Young people and children have the neighborhood as an essential place in their everyday lives. The neighborhood is the place where young people not only have their daily geographical experience but it is also the place that shapes their identities. The intersections of gender, class, and ethnicity are basic for understanding how young people reshape the socio-spatial imaginations of their everyday life at both the city and neighborhood scales. This chapter analyzes the everyday lives of young people, specifically teenagers, boys and girls (aged 14 and 15), in Barcelona’s Besós-Maresme neighborhood, a traditionally peripheral area which has undergone extraordinary urban changes in recent years that have led to major morphological and social changes.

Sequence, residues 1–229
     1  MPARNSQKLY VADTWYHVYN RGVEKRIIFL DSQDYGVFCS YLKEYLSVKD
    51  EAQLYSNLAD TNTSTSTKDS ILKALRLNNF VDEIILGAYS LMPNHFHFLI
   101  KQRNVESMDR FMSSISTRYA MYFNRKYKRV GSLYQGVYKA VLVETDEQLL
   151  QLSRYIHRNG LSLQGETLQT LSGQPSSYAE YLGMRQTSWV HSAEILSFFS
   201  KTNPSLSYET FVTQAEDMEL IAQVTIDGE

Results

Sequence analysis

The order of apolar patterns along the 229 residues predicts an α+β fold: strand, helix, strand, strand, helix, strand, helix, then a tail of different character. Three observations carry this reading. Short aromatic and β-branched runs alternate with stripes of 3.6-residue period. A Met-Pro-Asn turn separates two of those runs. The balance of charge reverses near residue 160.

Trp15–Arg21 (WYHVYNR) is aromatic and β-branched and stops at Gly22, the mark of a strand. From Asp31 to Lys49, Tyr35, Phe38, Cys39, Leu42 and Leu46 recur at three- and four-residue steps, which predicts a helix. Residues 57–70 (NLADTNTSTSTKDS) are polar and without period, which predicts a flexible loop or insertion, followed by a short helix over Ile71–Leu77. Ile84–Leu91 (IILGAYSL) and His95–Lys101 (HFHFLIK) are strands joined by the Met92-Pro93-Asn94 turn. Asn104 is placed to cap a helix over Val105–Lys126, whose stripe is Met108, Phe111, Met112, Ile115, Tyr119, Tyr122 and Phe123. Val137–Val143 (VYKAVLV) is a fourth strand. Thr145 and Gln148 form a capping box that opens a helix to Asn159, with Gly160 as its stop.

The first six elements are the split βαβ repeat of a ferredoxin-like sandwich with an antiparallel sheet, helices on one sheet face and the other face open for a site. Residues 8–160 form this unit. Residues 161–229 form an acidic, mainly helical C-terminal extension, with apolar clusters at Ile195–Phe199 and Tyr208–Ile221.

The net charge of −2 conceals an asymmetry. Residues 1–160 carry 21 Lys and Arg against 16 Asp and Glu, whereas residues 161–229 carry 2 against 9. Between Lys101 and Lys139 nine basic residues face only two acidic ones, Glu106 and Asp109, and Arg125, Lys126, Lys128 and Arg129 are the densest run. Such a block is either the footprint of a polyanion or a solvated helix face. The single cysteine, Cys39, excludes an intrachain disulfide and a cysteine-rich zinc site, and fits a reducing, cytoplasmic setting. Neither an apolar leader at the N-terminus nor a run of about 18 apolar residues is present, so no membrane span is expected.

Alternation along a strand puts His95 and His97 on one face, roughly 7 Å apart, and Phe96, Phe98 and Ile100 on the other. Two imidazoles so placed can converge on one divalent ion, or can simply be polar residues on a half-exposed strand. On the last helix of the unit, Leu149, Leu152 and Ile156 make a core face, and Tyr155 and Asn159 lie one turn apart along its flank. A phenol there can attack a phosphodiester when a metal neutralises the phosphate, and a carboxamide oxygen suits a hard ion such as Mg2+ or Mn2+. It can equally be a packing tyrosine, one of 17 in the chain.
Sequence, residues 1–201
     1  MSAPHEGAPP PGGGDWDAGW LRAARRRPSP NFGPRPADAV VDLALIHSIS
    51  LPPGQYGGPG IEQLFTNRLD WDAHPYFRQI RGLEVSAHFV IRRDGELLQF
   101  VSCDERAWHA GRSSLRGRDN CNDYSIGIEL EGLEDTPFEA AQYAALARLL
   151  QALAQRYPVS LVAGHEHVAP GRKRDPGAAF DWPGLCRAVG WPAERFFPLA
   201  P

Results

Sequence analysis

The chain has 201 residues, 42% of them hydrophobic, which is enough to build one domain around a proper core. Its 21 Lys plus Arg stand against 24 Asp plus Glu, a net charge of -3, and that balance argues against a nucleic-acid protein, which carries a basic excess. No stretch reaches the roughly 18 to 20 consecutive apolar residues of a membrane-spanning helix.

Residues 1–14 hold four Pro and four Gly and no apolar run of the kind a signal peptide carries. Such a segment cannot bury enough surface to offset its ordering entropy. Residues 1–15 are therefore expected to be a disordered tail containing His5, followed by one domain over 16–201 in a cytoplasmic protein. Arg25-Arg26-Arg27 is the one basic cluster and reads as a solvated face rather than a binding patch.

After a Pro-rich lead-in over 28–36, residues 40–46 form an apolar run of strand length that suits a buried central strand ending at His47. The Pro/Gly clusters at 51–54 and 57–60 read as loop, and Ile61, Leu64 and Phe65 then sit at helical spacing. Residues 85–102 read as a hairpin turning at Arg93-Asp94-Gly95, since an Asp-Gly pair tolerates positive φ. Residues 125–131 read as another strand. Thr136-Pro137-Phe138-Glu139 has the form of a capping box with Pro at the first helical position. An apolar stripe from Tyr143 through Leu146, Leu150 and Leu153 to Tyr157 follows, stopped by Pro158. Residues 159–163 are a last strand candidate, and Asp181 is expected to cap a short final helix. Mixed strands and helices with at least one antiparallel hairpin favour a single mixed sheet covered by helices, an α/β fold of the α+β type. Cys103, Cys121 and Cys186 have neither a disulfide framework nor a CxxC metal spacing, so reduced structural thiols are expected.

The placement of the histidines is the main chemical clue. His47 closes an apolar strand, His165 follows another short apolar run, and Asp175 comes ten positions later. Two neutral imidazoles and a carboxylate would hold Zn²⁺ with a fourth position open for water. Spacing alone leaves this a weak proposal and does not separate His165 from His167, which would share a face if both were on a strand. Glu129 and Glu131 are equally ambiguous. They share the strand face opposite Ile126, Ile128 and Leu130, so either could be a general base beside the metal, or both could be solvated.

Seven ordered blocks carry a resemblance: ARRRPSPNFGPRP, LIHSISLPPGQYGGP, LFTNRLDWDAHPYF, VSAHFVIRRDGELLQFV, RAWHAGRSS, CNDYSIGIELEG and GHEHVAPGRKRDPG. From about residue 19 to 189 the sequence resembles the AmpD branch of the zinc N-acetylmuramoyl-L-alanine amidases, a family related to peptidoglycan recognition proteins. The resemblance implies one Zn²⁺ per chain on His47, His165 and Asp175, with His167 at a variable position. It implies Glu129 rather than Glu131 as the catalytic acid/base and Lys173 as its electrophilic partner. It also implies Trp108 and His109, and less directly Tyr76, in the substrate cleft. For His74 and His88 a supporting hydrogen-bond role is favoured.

Focus groups, semi-structured interviews, and participatory walks have been used to approach teenagers to ascertain how they construct their identities in the neighborhood, what they do in their free time, whom they share it with, and what spaces around them they frequent the most. The teenagers expressed their opinions and criticisms regarding spaces they feel are their own, where they felt included in public space and shared opinions on what they would like changed. Using the spaces, appropriating them, sharing opinions or intervening directly in these spaces are activities and attitudes that form a sense of citizenship.